He also greatly contributes to the annual “Freedom on the Net” report produced by the nonprofit, which was established in 1941.
The report, released in October, analyzes how countries worldwide handle internet freedom.
“The public-health crisis has created an opening for the digitization, collection and analysis of people’s most intimate data without adequate protections against abuses,” reads an excerpt from the 2020 report.
Continue reading “Q&A: Kian Vesteinsson of Freedom House Research Group”
COVID and Privacy: ‘Bad Ideas About Tracking People’
By Nora Macaluso
Last of three parts.
Established in 1990, the Electronic Frontier Foundation has a history of fighting government and private efforts to monitor civilians.
In 2005, Cindy Cohn, as EFF’s legal director and general counsel, led a class-action lawsuit against Sony BMG, alleging that the entertainment giant built a flawed and invasive computer program into as many as 22 million music CDs to block copying by the public.
In a 2007 settlement with the Federal Trade Commission, Sony made available a patch that was designed to resolve the security vulnerability.
The next year, EFF began representing victims in a lawsuit challenging an illegal surveillance program run by the National Security Agency (NSA) conducted under the guise of the U.S. Patriot Act. The litigation continues.
Continue reading “Q&A: EFF’s Cindy Cohn”
By Aishwarya Jagani
India is in dire need of a data-privacy law, experts told Digital Privacy News, but they continue to raise concerns about a 2019 proposal that is being studied by a joint committee of Parliament.
“India, as of today, neither has a dedicated law on data-protection and privacy — nor has extensively adopted any international guidelines on privacy or data-protection,” said Saikiran Kannan, an open-source intelligence analyst in Singapore and a writer for India Today and Zenger News.
“There are some specific provisions on privacy listed in the Information Technology Act of 2000 (IT Act),” he added. “But these are very basic laws when compared to countries like U.S.A., Singapore and U.K.
“They can so easily be subverted — and the judicial proceedings in such cases take a long time to prosecute,” Kannan said.
Continue reading “Lack of a Digital Law Exposes India to Chinese Cyberthreats”
Authorities Are Growing More ‘Hostile to Your Ability to Lock Up Your Data’
By Nora Macaluso
Second of three parts.
Law enforcement and tech companies have been teaming up on surveillance — and privacy advocates say that could be problematic.
In today’s Digital Privacy News interview, Electronic Frontier Foundation Executive Director Cindy Cohn discussed the link between litigation and policy change and the need for a national privacy law.
This interview has been edited for length and clarity.
Continue reading “Q&A: Cindy Cohn of the EFF”
By Robert Bateman
Tech giants Oracle and Salesforce are facing class-action lawsuits in the U.K. and the Netherlands over allegations that they are “misusing the personal data” of millions of people.
The legal claims relate to how the companies contribute to “real-time bidding” (RTB), a controversial advertising practice that involves the auctioning of personal data collected via web cookies and other tracking technologies.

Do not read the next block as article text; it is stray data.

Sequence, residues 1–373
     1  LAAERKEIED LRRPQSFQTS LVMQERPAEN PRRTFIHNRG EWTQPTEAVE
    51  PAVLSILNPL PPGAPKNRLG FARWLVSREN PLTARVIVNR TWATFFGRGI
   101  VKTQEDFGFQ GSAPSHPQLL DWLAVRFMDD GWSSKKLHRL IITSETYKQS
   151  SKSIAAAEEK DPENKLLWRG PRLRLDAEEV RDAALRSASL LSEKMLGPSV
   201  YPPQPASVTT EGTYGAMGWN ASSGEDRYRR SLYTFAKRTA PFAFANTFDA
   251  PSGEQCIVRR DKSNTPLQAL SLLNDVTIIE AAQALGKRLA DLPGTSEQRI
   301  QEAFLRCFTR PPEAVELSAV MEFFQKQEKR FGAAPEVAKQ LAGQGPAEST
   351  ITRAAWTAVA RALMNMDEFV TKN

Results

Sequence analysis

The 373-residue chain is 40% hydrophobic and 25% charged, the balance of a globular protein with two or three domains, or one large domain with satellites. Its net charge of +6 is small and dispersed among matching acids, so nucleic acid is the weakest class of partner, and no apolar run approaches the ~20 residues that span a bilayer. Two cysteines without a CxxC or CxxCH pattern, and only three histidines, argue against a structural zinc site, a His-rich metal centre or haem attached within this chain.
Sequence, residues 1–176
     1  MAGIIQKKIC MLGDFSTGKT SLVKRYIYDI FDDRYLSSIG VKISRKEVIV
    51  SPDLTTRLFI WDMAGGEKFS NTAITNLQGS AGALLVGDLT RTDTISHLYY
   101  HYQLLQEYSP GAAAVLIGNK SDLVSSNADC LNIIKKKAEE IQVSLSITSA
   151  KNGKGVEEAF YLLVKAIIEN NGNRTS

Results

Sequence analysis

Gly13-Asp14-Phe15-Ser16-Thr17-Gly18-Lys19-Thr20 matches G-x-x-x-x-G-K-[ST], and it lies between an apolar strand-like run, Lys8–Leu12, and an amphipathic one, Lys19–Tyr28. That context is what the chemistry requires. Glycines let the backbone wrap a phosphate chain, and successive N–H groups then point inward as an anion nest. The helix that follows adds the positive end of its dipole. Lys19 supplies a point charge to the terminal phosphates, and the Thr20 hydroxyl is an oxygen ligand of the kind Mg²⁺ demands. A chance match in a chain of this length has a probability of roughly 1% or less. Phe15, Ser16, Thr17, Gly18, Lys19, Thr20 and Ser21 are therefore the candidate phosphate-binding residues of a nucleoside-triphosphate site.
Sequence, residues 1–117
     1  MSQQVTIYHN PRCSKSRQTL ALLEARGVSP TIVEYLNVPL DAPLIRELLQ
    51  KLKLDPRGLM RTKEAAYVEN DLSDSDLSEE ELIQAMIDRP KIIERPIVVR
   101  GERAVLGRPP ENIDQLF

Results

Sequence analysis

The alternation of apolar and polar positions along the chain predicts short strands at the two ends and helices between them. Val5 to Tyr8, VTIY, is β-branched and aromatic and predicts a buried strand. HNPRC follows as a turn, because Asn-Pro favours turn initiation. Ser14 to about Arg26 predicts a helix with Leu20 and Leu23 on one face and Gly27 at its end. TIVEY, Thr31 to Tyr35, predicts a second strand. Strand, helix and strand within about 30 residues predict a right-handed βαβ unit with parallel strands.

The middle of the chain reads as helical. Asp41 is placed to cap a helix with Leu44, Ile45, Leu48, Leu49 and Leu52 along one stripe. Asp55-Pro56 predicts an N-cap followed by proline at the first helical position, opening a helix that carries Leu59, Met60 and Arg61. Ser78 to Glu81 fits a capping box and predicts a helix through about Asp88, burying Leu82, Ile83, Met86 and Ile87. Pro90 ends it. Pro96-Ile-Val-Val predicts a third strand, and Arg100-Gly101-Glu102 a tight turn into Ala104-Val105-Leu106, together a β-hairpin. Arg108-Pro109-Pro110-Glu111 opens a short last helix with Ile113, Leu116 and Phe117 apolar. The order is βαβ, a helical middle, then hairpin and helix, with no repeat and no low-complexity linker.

The U.K. suit, led by privacy advocate Rebecca Rumbul, is seeking damages of approximately $13 billion, which would amount to about $650 for every U.K. internet user.
The parallel Netherlands case, led by the nonprofit Privacy Collective, is seeking approximately $19.5 billion.
Continue reading “Oracle and Salesforce Face Huge Lawsuits in UK, Netherlands”
‘We’re Going to Die by a Death of a Thousand Cuts for Privacy’
By Nora Macaluso
First of three parts.
Cindy Cohn, executive director of the Electronic Frontier Foundation, has advocated for privacy on issues ranging from privately developed surveillance technology to government spying to human rights.
In 2005, she also led the foundation in a national class-action lawsuit against Sony BMG, arguing that the company had included a flawed and overreaching computer program in millions of music CDs sold to the public.
The entertainment behemoth ultimately settled with the Federal Trade Commission.
Cohn, 57, has helmed EFF since 2015, after serving as legal director, as well as its general counsel, for 15 years. She is a graduate of the University of Michigan Law School, the University of Iowa and the London School of Economics.
Continue reading “Q&A: EFF’s Cindy Cohn”
By Steven Crook
Taiwan’s plan to begin trials of its long-planned but heavily criticized national electronic identification (eID) cards next month has been thrown into doubt by a municipal government’s reluctance.
The pilot effort would use volunteers in Hsinchu, a city of 451,000 nearly 45 miles southwest of Taipei.
But the Hsinchu City Government said that, because it prioritized citizens’ rights and information security, if Taiwan’s central government was unable to convince it that the eID system was safe, it was “inclined to suspend the trial.”
The Hsinchu City Government’s decision was reported Saturday by United Daily News, a major Taiwanese newspaper.
Continue reading “Taiwan’s Smart ID Plan in Doubt, as Local Officials Get Cold Feet”
By Robert Bateman
France’s data-protection authority has hit Google and Amazon with fines totaling $163 million over the tech giants’ use of tracking cookies online.